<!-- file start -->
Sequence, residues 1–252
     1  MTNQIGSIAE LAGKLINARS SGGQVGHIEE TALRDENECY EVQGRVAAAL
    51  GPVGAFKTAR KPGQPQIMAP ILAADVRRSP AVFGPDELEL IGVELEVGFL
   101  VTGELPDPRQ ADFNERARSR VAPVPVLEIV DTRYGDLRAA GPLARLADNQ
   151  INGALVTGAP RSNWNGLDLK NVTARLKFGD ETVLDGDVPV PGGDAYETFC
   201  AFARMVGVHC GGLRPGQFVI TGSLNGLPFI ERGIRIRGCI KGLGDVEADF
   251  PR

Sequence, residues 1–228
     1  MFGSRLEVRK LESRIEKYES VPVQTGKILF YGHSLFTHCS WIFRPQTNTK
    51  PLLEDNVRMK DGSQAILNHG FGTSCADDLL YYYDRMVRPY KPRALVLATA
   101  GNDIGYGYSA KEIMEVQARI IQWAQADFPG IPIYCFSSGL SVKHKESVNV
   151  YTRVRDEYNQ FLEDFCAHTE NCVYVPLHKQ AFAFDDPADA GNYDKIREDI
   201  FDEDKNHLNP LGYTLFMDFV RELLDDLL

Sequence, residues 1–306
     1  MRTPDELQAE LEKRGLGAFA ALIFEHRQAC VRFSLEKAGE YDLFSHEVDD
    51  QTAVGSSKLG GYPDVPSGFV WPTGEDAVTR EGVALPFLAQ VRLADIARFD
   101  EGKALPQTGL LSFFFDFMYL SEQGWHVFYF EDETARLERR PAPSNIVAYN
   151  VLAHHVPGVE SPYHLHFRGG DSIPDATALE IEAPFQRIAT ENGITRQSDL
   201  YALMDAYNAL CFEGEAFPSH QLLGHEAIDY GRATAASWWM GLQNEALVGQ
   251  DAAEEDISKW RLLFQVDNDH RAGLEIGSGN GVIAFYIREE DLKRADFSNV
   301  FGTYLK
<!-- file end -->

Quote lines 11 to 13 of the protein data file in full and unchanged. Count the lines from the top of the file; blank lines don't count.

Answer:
   101  GNDIGYGYSA KEIMEVQARI IQWAQADFPG IPIYCFSSGL SVKHKESVNV
   151  YTRVRDEYNQ FLEDFCAHTE NCVYVPLHKQ AFAFDDPADA GNYDKIREDI
   201  FDEDKNHLNP LGYTLFMDFV RELLDDLL